Multiple implementations of the RADIUS protocol contain a buffer overflow in the function that calculates message digests.
During the message digest calculation, a string containing the shared secret is concatenated with a packet received without checking the size of the target buffer. This makes it possible to overflow the buffer with shared secret data. This can lead to denial of service against the server. If the shared secret is known by the attacker, then it may be possible to use this information to execute arbitrary code with the privileges of the victim RADIUS server or client, usually root. It should be noted that gaining knowledge of the shared secret is not a trivial task.
Certain implementations of RADIUS vulnerable to VU#589523 may allow the execution of code if multiple packets are processed in the same thread, and the last 1 or 2 bytes of the shared secret is with in a certain range. In this case, specific knowledge of the shared secret is not required.
Without knowledge of the shared secret, an attacker can cause a denial of service against the server, or the client via the server response. With knowledge of the shared secret, an attacker may be able to execute arbitrary code. In certain implementations, specific knowledge of the shared secret is not required to execute arbitrary code if the last 1 or 2 bytes of the shared secret are with in a certain range.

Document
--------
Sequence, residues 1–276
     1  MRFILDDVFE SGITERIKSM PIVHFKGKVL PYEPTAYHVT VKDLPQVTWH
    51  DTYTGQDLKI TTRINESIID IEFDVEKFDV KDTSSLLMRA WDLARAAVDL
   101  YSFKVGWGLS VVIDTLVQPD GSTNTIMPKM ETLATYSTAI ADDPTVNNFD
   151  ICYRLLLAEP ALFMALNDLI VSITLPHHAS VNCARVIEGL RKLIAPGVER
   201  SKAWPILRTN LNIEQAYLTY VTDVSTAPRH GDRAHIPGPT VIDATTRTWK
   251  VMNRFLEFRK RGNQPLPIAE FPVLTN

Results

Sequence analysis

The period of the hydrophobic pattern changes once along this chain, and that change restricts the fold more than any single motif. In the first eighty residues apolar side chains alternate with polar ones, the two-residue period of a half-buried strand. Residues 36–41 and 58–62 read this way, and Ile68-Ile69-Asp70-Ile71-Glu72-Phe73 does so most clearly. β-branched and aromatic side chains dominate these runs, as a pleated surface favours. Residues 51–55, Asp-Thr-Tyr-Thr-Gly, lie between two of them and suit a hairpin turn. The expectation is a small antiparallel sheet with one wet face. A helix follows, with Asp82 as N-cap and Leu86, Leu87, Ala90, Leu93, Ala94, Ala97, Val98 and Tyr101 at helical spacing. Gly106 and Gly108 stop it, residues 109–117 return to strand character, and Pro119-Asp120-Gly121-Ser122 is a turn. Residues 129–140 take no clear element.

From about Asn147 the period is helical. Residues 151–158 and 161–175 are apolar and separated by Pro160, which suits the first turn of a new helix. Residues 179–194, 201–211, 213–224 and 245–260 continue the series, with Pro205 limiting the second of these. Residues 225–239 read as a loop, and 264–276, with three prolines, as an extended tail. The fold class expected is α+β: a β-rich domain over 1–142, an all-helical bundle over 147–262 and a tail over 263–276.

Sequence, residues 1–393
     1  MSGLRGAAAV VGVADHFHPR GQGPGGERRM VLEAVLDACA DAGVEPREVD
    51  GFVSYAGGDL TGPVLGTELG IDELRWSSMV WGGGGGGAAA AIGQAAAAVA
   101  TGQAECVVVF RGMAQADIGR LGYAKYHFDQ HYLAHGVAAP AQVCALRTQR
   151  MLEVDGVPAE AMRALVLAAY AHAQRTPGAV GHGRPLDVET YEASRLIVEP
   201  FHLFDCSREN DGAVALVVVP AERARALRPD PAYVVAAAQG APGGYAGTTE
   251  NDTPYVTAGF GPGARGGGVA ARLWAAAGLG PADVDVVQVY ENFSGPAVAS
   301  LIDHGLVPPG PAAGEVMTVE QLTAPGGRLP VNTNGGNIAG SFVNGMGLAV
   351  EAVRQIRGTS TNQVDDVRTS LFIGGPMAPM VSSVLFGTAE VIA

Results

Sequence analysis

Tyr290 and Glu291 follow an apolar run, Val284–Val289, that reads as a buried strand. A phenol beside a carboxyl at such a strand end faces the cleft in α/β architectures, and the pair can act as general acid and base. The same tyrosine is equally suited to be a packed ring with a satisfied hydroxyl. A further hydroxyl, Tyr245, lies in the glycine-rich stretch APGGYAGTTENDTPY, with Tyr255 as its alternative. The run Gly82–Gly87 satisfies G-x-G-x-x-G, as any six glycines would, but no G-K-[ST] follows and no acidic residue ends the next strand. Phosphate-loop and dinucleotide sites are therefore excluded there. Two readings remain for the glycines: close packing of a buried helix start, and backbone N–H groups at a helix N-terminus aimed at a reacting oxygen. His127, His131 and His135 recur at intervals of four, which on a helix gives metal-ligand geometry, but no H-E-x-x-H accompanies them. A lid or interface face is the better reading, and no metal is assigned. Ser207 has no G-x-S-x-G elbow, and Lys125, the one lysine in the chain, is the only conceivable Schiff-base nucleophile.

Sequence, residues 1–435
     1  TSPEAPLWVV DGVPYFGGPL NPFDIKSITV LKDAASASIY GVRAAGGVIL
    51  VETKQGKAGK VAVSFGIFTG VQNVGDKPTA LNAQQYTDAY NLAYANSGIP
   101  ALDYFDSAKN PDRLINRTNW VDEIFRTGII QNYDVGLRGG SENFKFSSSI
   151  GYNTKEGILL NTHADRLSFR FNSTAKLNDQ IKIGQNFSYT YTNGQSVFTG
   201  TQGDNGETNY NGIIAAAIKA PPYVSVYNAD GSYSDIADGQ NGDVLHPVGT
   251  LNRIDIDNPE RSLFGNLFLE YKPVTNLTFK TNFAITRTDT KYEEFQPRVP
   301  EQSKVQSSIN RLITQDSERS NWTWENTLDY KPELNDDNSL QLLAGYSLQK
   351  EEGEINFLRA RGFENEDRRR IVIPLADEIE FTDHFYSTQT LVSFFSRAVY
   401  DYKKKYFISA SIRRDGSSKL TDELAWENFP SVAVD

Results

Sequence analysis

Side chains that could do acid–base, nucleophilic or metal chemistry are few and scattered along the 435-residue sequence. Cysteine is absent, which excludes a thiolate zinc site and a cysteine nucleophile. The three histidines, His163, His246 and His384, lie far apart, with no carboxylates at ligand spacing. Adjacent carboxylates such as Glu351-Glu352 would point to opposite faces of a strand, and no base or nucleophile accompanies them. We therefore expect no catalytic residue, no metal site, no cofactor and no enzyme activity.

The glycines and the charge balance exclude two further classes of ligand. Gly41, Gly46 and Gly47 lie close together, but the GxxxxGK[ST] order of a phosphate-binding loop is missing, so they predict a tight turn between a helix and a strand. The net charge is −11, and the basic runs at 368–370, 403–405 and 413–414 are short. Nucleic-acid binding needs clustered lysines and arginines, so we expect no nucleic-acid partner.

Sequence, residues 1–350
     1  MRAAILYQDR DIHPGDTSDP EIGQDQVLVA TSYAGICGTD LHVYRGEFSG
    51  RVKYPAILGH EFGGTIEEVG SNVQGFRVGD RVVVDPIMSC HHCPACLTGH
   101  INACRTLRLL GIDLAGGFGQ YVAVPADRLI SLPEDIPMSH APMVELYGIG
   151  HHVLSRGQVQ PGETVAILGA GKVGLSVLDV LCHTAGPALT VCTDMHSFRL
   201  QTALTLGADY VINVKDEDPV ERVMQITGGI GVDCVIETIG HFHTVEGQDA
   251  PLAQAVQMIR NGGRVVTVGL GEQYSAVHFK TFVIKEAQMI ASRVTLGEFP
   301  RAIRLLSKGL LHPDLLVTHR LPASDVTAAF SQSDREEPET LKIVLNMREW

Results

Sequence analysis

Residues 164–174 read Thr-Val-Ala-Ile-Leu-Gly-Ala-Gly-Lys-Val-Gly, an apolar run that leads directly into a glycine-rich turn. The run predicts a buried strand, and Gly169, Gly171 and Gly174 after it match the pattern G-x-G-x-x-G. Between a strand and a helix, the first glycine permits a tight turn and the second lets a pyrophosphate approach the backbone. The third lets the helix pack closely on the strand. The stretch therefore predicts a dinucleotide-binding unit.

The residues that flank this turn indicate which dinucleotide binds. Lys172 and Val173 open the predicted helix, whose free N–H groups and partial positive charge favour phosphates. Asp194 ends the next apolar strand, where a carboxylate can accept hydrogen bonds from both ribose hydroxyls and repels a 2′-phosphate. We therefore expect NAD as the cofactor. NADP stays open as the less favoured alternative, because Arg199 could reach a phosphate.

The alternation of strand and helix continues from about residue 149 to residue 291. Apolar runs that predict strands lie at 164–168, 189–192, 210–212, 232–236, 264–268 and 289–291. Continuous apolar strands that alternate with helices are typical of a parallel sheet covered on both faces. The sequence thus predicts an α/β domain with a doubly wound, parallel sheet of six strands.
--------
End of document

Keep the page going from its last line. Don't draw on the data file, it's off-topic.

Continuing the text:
Apply a patch or upgrade to the version specified by your vendor.
Implementing a firewall to filter packets from outside of your network perimeter from being sent to the RADIUS server may help reduce the risk of attack. Note that this is not sufficient to prevent the vulnerability from being exploited by users who are within your network perimeter.
Our thanks to Joshua Hill
This document was written by Jason Rafail and is based on information provided by 3APA3A.